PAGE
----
In this project we develop new column generation algorithms for simultaneous determination of optimal parameters and architectures of artificial neural networks. Column generation methods have the advantage, that a master problem defined by inner points is generated. This forms the basis for determining a global and robust solution, as well as for the adaptive growth of neural networks and the distribution of weights in network components, such as in modular mixture-of-experts architectures (see figure).

Project lead: Prof. Dr. Ivo Nowak

TP-D: Dynamics and perturbation growths in learning networks

Artificial neural networks are very successful in classifying images and sounds. Generalizations of their concepts are recently proposed to improve time-series forcasting. In this project we aim on describing the process of training artificial neural networks in terms of a dynamical system approach. Dynamical systems can be characterized through a variety of quantities and methods, as e.g. measures of local and global stability. One important aspect of dynamical systems is the growth of perturbations, and the directions of perturbation grows. An open question is whether the process of training and learning can be improved or accelerated by deliberately perturbing the system, using knowledge about its dynamics.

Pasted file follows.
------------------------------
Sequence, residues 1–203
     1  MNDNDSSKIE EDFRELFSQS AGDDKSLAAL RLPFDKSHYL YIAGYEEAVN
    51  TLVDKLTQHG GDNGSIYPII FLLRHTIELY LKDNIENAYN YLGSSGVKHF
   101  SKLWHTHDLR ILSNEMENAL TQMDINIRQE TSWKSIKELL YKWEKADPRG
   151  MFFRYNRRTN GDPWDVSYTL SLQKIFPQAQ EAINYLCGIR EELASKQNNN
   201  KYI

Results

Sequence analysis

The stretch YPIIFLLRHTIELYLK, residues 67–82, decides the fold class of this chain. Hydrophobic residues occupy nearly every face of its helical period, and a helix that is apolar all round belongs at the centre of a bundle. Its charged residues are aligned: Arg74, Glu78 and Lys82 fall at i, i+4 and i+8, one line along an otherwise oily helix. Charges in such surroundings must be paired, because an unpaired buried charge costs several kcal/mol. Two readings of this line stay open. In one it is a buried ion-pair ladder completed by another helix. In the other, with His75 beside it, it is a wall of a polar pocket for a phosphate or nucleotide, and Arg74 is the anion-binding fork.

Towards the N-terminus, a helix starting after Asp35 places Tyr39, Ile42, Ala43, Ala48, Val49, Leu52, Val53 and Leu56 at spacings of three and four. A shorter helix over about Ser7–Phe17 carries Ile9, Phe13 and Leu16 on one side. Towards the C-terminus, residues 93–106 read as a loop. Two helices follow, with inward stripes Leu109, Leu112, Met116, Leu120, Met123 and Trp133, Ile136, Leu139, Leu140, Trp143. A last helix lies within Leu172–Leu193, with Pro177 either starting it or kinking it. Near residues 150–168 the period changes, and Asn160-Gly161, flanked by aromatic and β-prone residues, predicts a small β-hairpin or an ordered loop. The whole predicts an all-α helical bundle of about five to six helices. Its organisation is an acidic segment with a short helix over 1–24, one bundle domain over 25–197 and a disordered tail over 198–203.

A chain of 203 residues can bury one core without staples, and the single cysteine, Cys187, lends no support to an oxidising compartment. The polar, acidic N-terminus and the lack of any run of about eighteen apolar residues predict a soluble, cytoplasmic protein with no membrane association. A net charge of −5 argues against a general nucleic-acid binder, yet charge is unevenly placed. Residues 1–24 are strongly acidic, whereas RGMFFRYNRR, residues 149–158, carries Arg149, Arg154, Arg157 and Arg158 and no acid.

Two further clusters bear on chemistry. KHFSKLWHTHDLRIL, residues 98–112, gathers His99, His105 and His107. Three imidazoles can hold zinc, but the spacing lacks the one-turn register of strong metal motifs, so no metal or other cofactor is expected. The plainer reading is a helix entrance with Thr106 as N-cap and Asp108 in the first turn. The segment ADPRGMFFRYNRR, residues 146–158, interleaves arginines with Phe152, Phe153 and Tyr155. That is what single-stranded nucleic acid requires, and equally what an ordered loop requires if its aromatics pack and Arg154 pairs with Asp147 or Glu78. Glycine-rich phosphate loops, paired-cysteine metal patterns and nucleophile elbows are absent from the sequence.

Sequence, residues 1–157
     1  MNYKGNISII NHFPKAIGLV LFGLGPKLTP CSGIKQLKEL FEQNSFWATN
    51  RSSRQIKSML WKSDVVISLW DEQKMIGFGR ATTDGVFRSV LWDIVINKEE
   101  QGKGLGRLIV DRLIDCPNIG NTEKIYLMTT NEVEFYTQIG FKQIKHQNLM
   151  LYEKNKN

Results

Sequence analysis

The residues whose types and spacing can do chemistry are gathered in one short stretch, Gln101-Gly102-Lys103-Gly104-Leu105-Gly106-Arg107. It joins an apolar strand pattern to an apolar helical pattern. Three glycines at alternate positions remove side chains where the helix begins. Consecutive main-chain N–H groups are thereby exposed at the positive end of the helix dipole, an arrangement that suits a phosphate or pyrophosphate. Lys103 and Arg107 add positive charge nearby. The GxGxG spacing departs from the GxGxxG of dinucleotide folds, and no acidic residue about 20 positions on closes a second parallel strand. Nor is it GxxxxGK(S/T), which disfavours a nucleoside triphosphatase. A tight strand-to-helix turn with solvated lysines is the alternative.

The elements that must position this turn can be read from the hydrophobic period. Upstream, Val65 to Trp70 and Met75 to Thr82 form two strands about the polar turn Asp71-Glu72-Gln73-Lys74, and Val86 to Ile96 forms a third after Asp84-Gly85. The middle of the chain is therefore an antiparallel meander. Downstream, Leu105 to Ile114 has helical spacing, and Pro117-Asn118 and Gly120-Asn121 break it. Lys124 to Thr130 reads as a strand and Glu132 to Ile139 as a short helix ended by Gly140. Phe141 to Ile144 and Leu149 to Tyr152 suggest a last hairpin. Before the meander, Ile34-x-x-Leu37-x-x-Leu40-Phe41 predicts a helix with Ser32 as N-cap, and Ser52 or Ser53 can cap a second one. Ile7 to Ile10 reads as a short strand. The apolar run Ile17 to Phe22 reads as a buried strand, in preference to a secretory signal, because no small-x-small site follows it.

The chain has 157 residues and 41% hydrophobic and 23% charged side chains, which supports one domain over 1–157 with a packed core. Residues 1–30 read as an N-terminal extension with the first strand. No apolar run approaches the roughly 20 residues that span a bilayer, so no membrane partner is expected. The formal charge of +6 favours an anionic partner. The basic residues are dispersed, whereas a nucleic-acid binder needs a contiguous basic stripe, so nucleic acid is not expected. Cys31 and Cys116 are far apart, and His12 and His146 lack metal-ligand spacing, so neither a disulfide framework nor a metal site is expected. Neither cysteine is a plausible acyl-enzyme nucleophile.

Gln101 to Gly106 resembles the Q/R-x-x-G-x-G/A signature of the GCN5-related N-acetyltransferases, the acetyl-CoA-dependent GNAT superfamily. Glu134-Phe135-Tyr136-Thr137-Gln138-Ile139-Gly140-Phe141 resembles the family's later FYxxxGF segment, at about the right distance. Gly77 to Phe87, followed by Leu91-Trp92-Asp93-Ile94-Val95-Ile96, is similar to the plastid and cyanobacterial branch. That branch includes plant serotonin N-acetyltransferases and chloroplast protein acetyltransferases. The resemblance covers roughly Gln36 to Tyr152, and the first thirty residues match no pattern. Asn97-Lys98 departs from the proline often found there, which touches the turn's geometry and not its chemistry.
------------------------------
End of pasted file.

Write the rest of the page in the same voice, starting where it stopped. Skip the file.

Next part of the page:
Project lead: Prof. Dr. Sarah Hallerberg

TP-A: Kernel-based approximation methods for adaptive data analysis